Maryland Head Start State Collaboration Office Needs Assessment Report and Strategic Plan

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1 Maryland Head Start State Collaboration Office Needs Assessment Report and Strategic Plan PROJECT LEADERSHIP: MARYLAND HEAD START STATE COLLABORATION LINDA ZANG, DIRECTOR MARYLAND HEAD START ASSOCIATION NADINE OWENS BURTON, ACTING EXECUTIVE DIRECTOR

2 2 P age TABLE OF CONTENTS Introduction 3 Head Start State Collaboration Grants 3 Head Start Programs in Maryland 4 Needs Assessment Update Project 6 Methodology 6 Results 9 1. Health Services; 2. Services for Children Experiencing Homelessness; 3. Welfare/Child Welfare 4. Child Care; 5. Family Literacy; 6. Services for Children with Disabilities; 7. Community Services; 8. Education (School Readiness, Head Start Pre-K Partnership Development); 9. School Transitions and Alignment with K-12; 10. Professional Development; and 11. Early Childhood Systems Development Areas for Improvement 46 Appendices Focus Group Questions 48 Head Start Programs in Maryland by Category 51 Strategic Plan 53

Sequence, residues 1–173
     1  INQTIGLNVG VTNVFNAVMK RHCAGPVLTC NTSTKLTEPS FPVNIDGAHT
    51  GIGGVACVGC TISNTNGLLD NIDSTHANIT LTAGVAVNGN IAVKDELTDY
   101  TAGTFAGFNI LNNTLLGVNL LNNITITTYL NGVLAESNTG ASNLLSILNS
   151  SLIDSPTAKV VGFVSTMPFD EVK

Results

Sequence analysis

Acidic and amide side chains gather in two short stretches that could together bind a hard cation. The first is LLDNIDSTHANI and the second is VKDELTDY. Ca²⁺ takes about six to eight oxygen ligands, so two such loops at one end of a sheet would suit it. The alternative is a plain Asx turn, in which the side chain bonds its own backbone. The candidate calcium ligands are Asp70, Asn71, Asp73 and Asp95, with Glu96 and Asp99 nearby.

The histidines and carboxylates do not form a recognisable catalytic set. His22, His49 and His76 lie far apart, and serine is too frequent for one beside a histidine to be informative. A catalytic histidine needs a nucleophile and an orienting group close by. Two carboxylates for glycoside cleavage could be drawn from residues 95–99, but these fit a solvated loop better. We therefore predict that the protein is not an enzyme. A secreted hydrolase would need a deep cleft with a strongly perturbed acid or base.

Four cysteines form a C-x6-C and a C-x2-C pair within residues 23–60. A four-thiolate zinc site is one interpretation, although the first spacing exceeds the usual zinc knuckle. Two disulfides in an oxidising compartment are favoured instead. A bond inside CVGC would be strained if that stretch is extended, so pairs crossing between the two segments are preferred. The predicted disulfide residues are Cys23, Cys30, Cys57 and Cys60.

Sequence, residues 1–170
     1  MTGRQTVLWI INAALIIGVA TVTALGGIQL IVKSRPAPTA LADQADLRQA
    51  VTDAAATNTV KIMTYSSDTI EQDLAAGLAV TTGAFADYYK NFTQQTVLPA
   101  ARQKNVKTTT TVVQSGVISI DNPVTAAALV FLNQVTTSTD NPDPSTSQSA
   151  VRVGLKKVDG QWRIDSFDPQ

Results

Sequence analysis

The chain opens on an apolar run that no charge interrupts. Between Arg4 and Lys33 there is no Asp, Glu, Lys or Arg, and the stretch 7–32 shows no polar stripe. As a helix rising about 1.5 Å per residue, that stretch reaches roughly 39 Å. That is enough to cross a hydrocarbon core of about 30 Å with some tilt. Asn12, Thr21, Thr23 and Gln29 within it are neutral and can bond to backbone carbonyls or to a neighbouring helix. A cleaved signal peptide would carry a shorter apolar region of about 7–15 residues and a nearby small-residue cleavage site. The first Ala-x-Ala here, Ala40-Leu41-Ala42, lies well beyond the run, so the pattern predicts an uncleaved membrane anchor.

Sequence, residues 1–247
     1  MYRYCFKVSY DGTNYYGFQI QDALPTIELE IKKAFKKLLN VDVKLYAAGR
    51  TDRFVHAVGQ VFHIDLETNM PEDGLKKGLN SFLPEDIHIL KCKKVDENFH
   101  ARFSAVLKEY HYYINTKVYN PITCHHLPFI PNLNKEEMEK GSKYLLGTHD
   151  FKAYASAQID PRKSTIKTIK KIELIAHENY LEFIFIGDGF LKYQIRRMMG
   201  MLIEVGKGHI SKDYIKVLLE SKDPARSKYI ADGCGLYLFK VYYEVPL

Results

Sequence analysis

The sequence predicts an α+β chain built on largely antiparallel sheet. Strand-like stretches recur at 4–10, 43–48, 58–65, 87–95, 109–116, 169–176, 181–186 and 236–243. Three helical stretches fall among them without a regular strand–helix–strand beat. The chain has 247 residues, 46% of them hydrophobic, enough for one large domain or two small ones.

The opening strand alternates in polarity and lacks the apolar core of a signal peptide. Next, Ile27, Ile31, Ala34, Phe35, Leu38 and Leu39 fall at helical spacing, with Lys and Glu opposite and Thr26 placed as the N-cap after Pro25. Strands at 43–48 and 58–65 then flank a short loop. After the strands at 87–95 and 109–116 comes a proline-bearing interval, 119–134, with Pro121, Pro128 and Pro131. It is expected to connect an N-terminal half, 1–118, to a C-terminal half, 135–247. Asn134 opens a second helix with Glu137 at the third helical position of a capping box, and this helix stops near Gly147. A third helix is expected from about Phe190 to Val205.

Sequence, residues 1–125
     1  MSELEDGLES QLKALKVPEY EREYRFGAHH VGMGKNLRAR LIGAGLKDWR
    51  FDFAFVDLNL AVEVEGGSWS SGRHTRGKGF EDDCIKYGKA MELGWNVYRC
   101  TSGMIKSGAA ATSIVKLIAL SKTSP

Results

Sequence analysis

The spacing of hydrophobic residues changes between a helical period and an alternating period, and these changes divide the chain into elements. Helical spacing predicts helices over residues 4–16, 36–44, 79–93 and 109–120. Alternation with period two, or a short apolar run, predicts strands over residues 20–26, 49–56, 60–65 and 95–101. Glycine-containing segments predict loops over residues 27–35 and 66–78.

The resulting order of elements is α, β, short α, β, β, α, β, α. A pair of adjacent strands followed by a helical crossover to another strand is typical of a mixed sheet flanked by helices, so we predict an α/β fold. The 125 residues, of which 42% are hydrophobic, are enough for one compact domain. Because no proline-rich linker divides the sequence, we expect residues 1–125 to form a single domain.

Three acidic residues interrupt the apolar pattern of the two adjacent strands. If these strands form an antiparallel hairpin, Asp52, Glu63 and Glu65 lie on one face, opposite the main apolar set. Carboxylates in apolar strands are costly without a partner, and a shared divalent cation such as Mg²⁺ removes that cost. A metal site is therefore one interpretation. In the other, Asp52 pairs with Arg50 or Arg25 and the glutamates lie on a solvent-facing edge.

3 3 P age INTRODUCTION The Maryland State Department of Education (MSDE) oversees a wide array of programs focused on improving school readiness for all young children in the state. One important component of MSDE s commitment to closing the gap in achievement for young children growing up in poverty is its continued collaboration with and support of the Head Start program. Since July 2003, the state's Head Start Collaboration Office (MDHSSCO) has been housed at MSDE. MSDE has been the administrator of the Head Start collaboration grant and provides technical assistance in aligning Head Start services with those of early learning programs in the public schools. To meet the requirements of the Improving Head Start for School Readiness Act of 2007, MSDE, through the MDHSSCO and the Maryland Head Start Association (MHSA) undertook the joint project of a needs assessment -- initiated for the first time in of the Early Head Start and Head Start programs in Maryland. Using the results of the assessment process, the MHSA and the Collaboration Office also worked together to develop an updated strategic plan for HEAD START STATE COLLABORATION GRANTS Since 1990, the Office of Head Start has funded Head Start State Collaboration grants to support the development of multi-agency and public/private partnerships at the state level. States are to use these grant funds to: (i) assist Head Start agencies to collaborate with entities involved in State and local planning processes to better meet the needs of low-income children from birth to school entry, and their families; (ii) assist Head Start agencies to coordinate activities with the State agency responsible for administering the State program carried out under the Child Care and Development Block Grant Act of 1990 (42 U.S.C et seq.) and entities providing resource and referral services in the State, to make full-working-day and full calendar year services available to children; (iii) promote alignment of curricula used in Head Start programs and continuity of services with the Head Start Child Outcomes Framework and, as appropriate, State early learning standards; (iv) promote better linkages between Head Start agencies and other child and family agencies, including agencies that provide health, mental health, or family services, or other child or family supportive services, such as services provided